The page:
We Need To Stop Glorifying ‘Busy’

“Sorry for the delay in replying – work has been so busy!” I
type, sitting cross-legged in a pair of pyjama bottoms, trying to make
the most of a cup of tea I’ve let go cold (again) and thinking about how
I can make a healthy snack out of cheese. The truth is, my day hasn’t
been that busy. I woke up, made a cuppa, cleaned the house a bit, moved
downstairs and started tackling my emails. And by tackling, I mean
replying to those that seem most interesting and flagging the others
which I will “definitely do later”.

“Busy”, in this sense, has come to mean a series of different things. It can mean
“sorry for the delay in replying – I just didn’t want to”, “sorry for
the delay in replying – I forgot about this email because I receive 1000
others like it”
or “sorry for the delay in replying – I tried having a normal life for once and didn’t live in my inbox over the weekend”, to name a few. That sentence basically just means “I’m acknowledging that I didn’t reply in a timely manner and I will extend a sentence of social expectation to honour this”. 

And we also like people to know that we’re in demand, right? “Apologies for not coming back to you sooner – I don’t really have an excuse other than I had a raging hangover”
doesn’t quite have the same ring to it as being swamped by those who
want your attention. We think that by promoting the fact that we’re
snowed up with comms, other people will naturally want a slice of the
pie. In all honesty, who hasn’t name-dropped a huge brand that they’ve
worked with when trying to bag a new campaign? Or sat in a meeting with a
prospective new client and listed off some of the big player titles in
the hopes of winning more business?

Blazer – Millie Mackintosh* (sold out, ASOS alternative here)
Trousers – Millie Mackintosh*
Bag – Zara (La Redoute alternative here)
Shoes – Ego
Sunglasses – Miu Miu via Sunglasses Shop

It’s all a part of the “more more more” culture that we live in. We
glorify busy. We glorify stress. The more there is, the more successful
we must be. If we’re rushed off our feet with barely any time to breath,
that must mean work is going well, right? We push this as far as we can
– it doesn’t matter if we’re actually busy or not, we have to look like
it, we have to live like it, we have to slump down in bed at the end of
the day with a deep sigh or we feel like the day has been wasted.
why when we post a shameless Instagram coffee shot, the caption, more
often than not, will somehow relate to work. Whether it’s “office for the day – time to get shit done!” or “finally taking a break from work – trying to take some time for myself”,
our fingers are itching to let everyone know how well we’re doing. It’s
passive self-indulgence in all of its glory – and it’s a passive
self-indulgence that is probably followed by us mindlessly scrolling
through Instagram anyway, rather than being a “boss bitch”.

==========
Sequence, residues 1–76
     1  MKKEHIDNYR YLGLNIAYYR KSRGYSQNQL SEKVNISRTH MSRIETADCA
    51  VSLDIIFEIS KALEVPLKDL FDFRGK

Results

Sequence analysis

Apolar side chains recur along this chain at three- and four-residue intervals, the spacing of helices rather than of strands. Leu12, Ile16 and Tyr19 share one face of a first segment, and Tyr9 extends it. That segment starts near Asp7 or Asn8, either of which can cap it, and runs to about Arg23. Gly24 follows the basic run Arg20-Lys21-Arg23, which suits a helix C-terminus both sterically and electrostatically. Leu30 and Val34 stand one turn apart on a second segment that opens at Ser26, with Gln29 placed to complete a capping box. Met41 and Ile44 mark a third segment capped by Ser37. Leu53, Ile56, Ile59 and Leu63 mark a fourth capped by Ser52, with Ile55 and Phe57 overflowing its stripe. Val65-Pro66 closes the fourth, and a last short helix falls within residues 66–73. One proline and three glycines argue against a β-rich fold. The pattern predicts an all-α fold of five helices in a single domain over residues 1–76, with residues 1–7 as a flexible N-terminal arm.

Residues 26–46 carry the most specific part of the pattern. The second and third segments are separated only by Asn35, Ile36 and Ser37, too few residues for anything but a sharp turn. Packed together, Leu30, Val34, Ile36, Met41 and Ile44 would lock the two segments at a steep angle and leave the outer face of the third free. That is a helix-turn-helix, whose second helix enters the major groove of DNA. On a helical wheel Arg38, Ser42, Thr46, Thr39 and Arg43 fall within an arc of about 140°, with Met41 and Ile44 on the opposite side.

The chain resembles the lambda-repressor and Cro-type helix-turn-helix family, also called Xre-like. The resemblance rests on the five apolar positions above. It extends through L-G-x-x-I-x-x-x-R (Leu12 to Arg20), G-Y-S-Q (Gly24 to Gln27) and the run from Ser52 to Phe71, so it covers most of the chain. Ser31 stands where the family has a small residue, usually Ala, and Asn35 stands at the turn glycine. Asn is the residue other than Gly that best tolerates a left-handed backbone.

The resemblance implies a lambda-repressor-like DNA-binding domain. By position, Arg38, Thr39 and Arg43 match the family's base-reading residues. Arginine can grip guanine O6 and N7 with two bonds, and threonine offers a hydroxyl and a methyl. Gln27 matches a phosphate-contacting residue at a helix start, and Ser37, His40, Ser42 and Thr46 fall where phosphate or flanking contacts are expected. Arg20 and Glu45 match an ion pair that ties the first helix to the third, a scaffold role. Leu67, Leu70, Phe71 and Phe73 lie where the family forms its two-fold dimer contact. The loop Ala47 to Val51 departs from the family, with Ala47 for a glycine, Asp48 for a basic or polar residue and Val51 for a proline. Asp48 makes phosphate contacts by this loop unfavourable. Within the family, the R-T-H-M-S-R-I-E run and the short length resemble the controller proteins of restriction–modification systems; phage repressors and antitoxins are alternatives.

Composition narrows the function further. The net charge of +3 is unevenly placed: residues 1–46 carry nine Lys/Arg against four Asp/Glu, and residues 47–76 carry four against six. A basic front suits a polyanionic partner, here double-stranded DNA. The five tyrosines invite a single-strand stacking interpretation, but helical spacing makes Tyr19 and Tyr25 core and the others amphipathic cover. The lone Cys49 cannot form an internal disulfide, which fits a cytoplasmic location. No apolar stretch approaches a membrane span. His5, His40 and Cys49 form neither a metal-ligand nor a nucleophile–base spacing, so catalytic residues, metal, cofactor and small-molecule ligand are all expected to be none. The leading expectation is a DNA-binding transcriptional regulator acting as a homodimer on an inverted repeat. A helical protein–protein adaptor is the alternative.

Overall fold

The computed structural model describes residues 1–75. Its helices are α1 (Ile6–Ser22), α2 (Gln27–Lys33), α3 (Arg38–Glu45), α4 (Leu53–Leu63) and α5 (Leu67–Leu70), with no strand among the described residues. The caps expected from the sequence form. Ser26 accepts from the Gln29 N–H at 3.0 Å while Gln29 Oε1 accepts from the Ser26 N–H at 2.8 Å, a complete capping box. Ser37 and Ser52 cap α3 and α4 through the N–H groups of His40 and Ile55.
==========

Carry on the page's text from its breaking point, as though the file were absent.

not to say that we aren’t actually ever hard at work. But if we are,
best believe that we’ll find a five minute window to upload an Insta
story or tweet informing everybody of how swamped we are and why, as a
result, we’ll be taking a short social media hiatus for the next two
days (also known as a weekend, but something we must let people know we
100% DESERVE).
Shop the post:

FYI, I am the worst at this. I’ll put an out of office
email on for when I’m on holiday, but I’ll still reply to every single
email just to show how pro-active and ~ bizness ~ I am. I’ll upload a
mopey face Snapchat when I’m tired, a long, drawn-out caption when I’ve
been doing admin all day and a smug, filtered flat lay when I’m “finally done for the day! Phew, it’s been a tiring one!”.
I can write about this now and recognise that it’s all part of this
weird, social media vacuum that we’re in where social rules and
expectations are all a little skewed, an observation that goes
hand-in-hand with the fact that I will absolutely keep doing all of the
And the truth is, when it comes down to “busy”,
we can all be successful and in-demand and have spare time to not run
ourselves ragged. It’s about time management and being selective.
Obviously this is subjective – if you’re a nurse and you’re trying to
maintain a life at the same time as raising two kids and a three-legged
dog, then yes, undoubtedly you are busy as fuck. But often, those in the
online community – including me – busy ourselves simply for the sake of
looking busy.
The ultra-busy, slightly frazzled but
appealing stress that is propagated online is a masochism. It’s
self-inflicted to some degree – we want to look like we’re working
ourselves into the ground so everybody knows how good at our jobs we
are. The issue with this is that it’s often falsified – plumped out,
spruced up and blow dried for effect.
We busy ourselves
out worrying about how busy we are or aren’t, and then take a